Skip to main content
SLU publication database (SLUpub)
Research article - Peer-reviewed, 2015

Testing a mechanistic dispersal model against a dispersal experiment with a wind-dispersed moss

Lönnell, Niklas; Norros, Veera; Sundberg, Sebastian; Rannik, Üllar; Johansson, Victor; Ovaskainen, Otso; Hylander, Kristoffer


Wind is the main dispersal agent for a wide array of species and for these species the environmental conditions under which diaspores are released can potentially modify the dispersal kernel substantially. Little is known about how bryophytes regulate spore release, but conditions affecting peristome movements and vibration of the seta may be important. We modelled airborne spore dispersal of the bryophyte species Discelium nudum (spore diameter 25 m), in four different release scenarios, using a Lagrangian stochastic dispersion model and meteorological data. We tested the model predictions against experimental data on colonization success at five distances (5, 10, 30, 50 and 100 m) and eight directions from a translocated point source during seven two-day periods. The model predictions were generally successful in describing the observed colonization patterns, especially beyond 10 m. In the laboratory we established spore release thresholds; horizontal wind speed sd > 0.25 m s(-1) induced the seta to vibrate and in relative humidity < 75% the peristome was open. Our dispersal model predicts that the proportion of spores dispersing beyond 100 m is almost twice as large if the spores are released under turbulent conditions than under more stable conditions. However, including release thresholds improved the fit of the model to the colonization data only minimally, with roughly the same amount of variation explained by the most constrained scenario (assuming both vibration of the seta and an open peristome) and the scenario assuming random release. Model predictions under realised experimental conditions suggest that we had a low statistical power to rank the release scenarios due to the lack of measurements of the absolute rate of spore release. Our results hint at the importance of release conditions, but also highlight the challenges in dispersal experiments intended for validating mechanistic dispersal models.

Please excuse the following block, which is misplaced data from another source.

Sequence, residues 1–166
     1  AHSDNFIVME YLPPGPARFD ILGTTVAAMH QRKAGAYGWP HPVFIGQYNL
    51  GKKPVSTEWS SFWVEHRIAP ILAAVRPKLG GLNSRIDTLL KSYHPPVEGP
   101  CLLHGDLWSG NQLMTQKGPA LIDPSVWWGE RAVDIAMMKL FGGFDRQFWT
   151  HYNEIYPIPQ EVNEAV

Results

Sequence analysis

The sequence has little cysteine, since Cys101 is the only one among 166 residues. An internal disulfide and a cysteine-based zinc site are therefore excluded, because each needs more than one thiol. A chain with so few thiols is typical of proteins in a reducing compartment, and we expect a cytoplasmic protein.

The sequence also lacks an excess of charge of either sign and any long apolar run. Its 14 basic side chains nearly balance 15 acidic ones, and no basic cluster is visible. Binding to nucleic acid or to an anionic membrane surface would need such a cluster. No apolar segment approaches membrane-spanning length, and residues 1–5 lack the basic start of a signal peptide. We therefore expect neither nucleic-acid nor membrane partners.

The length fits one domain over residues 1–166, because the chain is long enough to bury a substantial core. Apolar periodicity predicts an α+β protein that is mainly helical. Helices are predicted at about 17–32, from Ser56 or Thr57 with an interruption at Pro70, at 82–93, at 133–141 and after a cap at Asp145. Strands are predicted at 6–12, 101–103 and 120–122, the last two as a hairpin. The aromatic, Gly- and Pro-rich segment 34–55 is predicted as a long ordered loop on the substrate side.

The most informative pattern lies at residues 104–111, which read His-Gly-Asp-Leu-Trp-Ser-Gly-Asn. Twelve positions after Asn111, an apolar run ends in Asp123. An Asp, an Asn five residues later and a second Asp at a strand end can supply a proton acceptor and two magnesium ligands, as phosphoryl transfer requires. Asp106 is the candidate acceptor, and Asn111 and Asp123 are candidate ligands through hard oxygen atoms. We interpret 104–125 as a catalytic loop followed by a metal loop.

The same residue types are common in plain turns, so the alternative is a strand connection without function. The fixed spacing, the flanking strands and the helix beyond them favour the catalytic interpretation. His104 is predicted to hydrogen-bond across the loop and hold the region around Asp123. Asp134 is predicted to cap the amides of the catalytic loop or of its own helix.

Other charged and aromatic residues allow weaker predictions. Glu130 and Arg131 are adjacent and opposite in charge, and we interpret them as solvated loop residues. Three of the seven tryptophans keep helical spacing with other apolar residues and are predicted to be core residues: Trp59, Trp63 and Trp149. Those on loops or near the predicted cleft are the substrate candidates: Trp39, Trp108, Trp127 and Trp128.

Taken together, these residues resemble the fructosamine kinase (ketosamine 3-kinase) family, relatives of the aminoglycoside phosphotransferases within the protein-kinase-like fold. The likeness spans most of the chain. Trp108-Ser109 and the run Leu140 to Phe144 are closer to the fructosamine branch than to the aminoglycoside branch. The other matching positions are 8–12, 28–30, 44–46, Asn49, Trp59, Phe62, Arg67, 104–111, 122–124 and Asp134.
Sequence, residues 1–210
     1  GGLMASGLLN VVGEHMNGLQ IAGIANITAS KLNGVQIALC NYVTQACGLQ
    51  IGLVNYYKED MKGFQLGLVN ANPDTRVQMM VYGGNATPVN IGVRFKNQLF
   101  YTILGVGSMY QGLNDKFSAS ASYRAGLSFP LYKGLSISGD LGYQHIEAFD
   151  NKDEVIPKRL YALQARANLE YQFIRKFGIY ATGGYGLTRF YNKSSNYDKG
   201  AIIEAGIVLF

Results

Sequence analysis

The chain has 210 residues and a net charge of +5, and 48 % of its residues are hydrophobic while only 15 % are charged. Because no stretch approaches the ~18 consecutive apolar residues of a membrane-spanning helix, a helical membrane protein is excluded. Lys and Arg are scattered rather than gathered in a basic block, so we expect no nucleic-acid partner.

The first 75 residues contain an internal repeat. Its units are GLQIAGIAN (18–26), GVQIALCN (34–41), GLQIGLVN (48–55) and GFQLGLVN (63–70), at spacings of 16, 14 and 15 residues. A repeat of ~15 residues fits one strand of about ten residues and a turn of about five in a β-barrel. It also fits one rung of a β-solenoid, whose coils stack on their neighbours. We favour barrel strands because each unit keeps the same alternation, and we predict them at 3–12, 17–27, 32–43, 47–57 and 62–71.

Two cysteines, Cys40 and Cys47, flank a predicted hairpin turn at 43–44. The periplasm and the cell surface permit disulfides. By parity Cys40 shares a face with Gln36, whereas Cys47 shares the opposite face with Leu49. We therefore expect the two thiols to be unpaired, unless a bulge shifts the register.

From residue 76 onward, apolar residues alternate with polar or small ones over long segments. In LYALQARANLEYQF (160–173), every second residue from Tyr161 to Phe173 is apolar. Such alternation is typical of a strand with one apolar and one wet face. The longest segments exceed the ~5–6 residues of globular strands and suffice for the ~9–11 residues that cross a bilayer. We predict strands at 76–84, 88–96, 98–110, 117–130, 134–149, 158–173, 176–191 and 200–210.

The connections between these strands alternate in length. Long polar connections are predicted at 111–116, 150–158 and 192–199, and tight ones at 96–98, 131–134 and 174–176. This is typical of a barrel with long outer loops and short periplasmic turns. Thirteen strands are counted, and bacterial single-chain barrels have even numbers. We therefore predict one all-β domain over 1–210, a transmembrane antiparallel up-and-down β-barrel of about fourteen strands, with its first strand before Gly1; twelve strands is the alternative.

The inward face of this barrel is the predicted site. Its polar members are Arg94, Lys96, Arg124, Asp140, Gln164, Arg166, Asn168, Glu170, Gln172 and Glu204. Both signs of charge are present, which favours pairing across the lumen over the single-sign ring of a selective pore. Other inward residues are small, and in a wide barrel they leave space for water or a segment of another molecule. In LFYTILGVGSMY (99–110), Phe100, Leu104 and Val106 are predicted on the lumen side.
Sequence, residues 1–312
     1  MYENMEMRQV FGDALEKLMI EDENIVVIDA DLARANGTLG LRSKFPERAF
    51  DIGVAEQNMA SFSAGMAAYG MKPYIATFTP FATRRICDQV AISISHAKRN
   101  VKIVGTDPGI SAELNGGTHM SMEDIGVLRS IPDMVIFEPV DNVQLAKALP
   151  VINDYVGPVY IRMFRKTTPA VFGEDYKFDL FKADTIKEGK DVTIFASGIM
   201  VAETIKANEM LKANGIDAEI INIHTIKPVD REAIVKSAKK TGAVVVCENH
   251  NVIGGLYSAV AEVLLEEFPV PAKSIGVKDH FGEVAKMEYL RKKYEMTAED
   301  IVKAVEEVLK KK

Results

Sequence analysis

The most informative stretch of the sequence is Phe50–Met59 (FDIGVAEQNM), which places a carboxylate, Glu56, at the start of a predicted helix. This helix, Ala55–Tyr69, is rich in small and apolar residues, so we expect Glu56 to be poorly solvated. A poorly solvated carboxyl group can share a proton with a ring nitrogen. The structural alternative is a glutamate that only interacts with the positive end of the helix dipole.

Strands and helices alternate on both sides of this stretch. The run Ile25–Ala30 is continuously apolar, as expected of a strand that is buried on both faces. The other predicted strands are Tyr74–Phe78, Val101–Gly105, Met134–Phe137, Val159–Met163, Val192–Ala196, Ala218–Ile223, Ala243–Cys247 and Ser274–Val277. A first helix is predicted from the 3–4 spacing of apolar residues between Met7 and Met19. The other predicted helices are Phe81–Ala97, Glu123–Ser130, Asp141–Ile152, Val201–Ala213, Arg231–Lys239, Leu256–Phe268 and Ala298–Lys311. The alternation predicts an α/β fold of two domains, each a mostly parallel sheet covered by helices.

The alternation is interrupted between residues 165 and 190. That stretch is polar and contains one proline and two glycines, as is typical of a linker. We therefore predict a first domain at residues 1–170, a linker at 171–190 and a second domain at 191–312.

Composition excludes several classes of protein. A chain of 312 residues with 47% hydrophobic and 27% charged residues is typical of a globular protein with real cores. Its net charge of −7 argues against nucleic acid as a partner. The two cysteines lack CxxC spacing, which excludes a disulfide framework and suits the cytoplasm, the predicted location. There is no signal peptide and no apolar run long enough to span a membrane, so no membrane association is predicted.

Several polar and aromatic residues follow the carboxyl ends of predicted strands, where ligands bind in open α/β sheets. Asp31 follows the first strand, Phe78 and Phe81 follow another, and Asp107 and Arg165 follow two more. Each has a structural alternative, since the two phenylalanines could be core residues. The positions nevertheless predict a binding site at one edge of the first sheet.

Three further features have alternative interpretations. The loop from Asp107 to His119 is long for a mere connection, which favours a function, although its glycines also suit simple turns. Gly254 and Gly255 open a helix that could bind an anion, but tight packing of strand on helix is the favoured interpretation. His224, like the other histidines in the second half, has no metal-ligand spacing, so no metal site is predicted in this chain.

Published in

2015, Volume: 124, number: 9, pages: 1232–1240